The EU and Arab nations seek common ground to head off the winds of change

Both regions have experienced dramatic shifts since 2008, and the future is still uncertain as migration and political unrest take centre stage.


Political and business leaders gather in Athens for the first European Union-Arab Summit on Thursday and Friday. The agenda will be very much about opportunities for mutual stability and sustainable development after a period of tremendous political and economic tumult in both groups.

Although much attention has been focused on the so-called Arab Spring, Europe has also gone through significant political and economic instability since the 2008 financial crisis.

Millions have taken to the streets and administrations in more than half the 28 EU states fell or were voted out of office between 2010 and 2012 alone, partly because of economic downturns and/or austerity measures. Within the core eurozone, 11 of 14 governments collapsed or lost elections over the same two years.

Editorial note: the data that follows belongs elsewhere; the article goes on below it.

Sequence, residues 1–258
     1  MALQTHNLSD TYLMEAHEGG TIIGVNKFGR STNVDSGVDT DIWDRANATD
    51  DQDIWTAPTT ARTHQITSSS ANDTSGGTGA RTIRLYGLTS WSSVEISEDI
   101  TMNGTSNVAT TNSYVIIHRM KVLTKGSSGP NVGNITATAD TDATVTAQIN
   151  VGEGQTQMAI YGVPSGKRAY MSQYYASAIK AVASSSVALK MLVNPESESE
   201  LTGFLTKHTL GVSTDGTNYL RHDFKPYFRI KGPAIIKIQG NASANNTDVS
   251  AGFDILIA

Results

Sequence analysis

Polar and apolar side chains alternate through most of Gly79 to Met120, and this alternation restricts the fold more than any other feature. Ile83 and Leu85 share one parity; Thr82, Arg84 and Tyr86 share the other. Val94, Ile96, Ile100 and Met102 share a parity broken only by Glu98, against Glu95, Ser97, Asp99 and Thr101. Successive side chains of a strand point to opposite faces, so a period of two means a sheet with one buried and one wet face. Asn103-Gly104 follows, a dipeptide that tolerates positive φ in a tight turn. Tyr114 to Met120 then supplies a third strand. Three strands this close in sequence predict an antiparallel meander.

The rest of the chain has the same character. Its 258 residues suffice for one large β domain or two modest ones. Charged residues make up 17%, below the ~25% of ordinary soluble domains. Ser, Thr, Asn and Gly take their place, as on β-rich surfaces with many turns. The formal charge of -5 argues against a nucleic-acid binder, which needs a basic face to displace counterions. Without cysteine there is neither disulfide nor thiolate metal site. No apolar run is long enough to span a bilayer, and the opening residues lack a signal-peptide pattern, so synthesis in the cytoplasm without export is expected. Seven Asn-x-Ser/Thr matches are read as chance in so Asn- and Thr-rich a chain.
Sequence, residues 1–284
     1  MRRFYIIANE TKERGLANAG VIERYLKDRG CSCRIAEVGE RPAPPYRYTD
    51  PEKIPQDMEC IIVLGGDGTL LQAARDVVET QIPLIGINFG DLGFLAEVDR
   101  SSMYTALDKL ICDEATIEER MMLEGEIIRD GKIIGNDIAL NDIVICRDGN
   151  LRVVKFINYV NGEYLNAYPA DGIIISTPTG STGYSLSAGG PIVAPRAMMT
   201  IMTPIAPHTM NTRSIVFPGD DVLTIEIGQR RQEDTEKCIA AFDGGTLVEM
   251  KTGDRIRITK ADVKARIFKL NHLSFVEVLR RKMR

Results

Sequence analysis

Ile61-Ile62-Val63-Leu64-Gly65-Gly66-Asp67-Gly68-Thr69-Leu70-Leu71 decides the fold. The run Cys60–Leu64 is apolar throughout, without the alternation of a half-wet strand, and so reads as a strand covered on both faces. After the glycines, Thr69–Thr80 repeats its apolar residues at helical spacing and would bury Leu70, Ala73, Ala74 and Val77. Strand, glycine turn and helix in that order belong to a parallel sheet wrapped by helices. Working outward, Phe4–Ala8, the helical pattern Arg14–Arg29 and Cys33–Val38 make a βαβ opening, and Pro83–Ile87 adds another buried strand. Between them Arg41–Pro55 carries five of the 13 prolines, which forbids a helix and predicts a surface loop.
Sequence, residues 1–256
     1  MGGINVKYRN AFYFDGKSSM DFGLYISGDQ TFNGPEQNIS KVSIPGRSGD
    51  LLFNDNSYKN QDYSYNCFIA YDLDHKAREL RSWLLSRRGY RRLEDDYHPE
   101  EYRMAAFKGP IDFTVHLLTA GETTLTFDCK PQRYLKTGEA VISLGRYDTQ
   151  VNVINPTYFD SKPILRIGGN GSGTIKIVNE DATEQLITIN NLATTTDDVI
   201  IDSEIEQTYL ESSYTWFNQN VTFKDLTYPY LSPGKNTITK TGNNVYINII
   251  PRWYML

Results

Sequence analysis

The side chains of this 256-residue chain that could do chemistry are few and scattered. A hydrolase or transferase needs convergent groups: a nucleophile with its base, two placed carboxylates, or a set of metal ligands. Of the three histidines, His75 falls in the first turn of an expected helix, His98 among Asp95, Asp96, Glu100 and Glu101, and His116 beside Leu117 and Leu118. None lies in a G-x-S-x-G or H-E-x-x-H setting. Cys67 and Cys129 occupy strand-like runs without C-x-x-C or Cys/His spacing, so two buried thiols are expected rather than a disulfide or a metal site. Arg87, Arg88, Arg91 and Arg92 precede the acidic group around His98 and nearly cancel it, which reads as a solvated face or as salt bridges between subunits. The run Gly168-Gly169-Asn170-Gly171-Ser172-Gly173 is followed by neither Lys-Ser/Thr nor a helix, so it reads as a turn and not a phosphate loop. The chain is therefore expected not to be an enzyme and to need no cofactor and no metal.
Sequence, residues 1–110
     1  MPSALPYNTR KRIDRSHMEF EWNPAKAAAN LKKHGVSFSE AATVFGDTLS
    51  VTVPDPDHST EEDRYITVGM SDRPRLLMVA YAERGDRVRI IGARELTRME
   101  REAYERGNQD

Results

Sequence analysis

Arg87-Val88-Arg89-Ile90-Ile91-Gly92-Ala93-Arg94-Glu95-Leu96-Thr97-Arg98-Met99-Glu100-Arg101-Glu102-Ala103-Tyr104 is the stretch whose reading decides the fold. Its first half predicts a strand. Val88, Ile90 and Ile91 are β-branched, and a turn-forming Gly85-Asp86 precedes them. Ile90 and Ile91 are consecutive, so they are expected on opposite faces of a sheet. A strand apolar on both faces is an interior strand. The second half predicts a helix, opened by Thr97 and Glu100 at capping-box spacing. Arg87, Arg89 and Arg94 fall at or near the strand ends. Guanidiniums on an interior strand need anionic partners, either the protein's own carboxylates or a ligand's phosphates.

But more eye-catching still has been the remarkable wave of political activity, starting in Tunisia, that has fanned out across North Africa and the Middle East. This includes revolutionary changes of power in Egypt and Libya, transfer of power in Yemen, and demonstrations and uprisings in countries as disparate as Algeria, Bahrain, Jordan, Morocco and Oman.

The use of the word “spring”, with the allusions to the 1848 revolutions and the so-called Prague Spring of 1968, was widely used initially as a positive reference indicating potentially major movement towards self-determination and opportunity in the Arab world. But that initial hope has been dashed in many states.

Indeed, some now use the term Arab or Military Winter instead, which refers to the instability and violence in much of the region. This includes the menace of the Islamic State terrorist group and the ongoing civil war in Syria, which continues to drive massive population displacement and migration.